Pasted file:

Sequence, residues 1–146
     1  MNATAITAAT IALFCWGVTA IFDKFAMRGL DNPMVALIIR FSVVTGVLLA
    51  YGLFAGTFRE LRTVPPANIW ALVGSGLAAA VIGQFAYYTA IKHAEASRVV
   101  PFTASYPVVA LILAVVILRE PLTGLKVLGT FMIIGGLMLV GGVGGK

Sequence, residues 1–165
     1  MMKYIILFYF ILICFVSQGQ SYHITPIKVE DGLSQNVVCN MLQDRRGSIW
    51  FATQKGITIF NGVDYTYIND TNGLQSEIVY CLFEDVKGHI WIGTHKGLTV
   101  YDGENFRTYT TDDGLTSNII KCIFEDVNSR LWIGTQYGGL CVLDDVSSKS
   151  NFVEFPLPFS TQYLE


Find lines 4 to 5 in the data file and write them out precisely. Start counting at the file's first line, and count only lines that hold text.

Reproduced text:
   101  PFTASYPVVA LILAVVILRE PLTGLKVLGT FMIIGGLMLV GGVGGK

Sequence, residues 1–165